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Publisher's Summary

These 24 lectures retell the lives of the remarkable individuals - the statesmen, thinkers, warriors, and writers - who shaped the history of the Roman Empire and, by extension, our own history and culture. 
Among the fascinating gallery of individuals whose lives, ideas, actions, and legacies you'll explore are Hannibal (who caused the Second Punic War personally, much as Adolf Hitler caused World War II), Augustus (who, beginning at the age of just 19, brilliantly followed a doctrine of ruthless expediency in order to rescue Rome from a century of civil war), and Marcus Aurelius (that most noble and philosophic of rulers who may have hastened the Empire's decline by tolerating the wicked cruelty of his heir). 
Professor Fears divides his presentation into three "turning point" epochs in Roman history: Rome's war with Hannibal (the Second Punic War); Caesar and the end of the Roman Republic; and the imperial era between Augustus and Marcus Aurelius.
As he presents the great figures of each period, he makes them seem personal and immediate. As you study these and many other significant Romans, you'll probe fundamental questions about the political and cultural history of Rome. What was the impact of Greek civilization on the Romans? Why did the Roman people, at the height of military, political, and economic power, abandon their republican liberty for the dictatorship of Caesar and his successors? What made the 2nd century A.D. one the most creative periods in world history? And why did the central figures of Roman history hold so much appeal for America's Founding Fathers?

PLEASE NOTE: When you purchase this title, the accompanying reference material will be available in your Library section along with the audio.

©2001 The Teaching Company, LLC (P)2001 The Great Courses
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Customer Reviews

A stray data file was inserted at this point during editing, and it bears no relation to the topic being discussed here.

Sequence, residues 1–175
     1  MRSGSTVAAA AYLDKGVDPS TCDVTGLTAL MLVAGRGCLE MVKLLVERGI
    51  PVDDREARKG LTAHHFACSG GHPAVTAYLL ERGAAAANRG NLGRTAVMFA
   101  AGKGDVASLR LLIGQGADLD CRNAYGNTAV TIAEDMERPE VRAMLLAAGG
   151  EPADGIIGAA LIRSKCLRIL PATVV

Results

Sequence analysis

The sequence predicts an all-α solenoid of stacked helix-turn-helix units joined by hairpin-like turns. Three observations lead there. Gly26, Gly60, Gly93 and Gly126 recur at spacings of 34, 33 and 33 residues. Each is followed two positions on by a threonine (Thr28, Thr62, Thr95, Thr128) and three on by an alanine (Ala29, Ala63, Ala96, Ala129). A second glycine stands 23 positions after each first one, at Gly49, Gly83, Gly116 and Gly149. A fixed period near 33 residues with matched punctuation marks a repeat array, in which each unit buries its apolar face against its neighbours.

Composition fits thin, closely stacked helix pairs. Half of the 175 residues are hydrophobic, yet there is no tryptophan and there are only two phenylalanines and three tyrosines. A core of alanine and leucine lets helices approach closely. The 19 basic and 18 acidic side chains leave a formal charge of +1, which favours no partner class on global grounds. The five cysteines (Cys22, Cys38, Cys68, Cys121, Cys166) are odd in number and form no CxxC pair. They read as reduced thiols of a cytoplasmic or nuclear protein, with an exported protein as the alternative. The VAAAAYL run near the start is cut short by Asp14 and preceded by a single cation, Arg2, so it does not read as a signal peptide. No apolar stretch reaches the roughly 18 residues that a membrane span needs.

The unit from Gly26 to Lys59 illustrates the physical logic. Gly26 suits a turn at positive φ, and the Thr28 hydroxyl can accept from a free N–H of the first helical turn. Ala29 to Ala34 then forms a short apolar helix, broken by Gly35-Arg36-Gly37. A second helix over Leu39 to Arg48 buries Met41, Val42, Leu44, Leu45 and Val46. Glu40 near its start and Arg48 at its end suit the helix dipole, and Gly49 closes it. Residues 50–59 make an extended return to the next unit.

Most Helpful
5 out of 5 stars
By Abdur Abdul-Malik on 07-24-13

Captivating Biography

Any additional comments?

Hands down one of the most thrilling historical courses I've ever listened to. The description of the Second Punic War makes me wonder why Hollywood hasn't tackled it yet. The war with Hannibal shows just how close Rome came to being eradicated. Had Hannibal fully pressed his advantages Rome may have been a historical footnote and we'd all be speaking a Phoenician derivative.

The sections on Julius Caesar were also extremely well done. The course ends with the philosopher King, Marcus Aurelius, the last of the "Five Good Emperors". His decision regarding succession is given a strong rebuke by Professor Fears.

The first lecture is done in a style a little different from the rest, so let the course build up. Once Hannibal starts crossing those Alps, you'll be hooked!

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5 of 5 people found this review helpful

5 out of 5 stars
By Marc on 08-19-14

Professor Fears is a joy, listening to him is fun.

Would you listen to Famous Romans again? Why?

Yes, the information is easy to follow, and fun to hear

What other book might you compare Famous Romans to and why?

And book by W.E.B Griffin.

What does Professor J. Rufus Fears bring to the story that you wouldn’t experience if you just read the book?

His voice, it makes one think a friend of Caesar is telling the story.

Was this a book you wanted to listen to all in one sitting?


Any additional comments?

I'm going to buy more from him

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1 of 1 people found this review helpful

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Customer Reviews

Most Helpful
1 out of 5 stars
By Asha on 07-20-15

Dumbed down and superficial

If this book wasn’t for you, who do you think might enjoy it more?

This series claims to be university level, but if it is then all I can say is that standards at university have really fallen.

Admittedly I didn't get beyond the first two lectures, but as they both consisted of imaginary conversations between the subject of the lecture and his father, as well as irritating parallels with the the USA (the Ancient Romans got rid of their Kings, just as in the United States we got rid of King George....) it was just too dumbed down for me. A teenager with an interest in history, or someone who likes their learning superficial, may enjoy this - I did not.

A waste of money, and if I could give it no stars I would.

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2 of 2 people found this review helpful

4 out of 5 stars
By D on 05-17-15

too narrative.

it is good. but it does not focus enough on the characters of each lecture. it follows the largely narrative route taken by most courses on roman history. for example only the last 10 or so minutes of claudius is on him. the first part focuses on the narrative from augustus through tiberius to caligula.

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1 of 1 people found this review helpful

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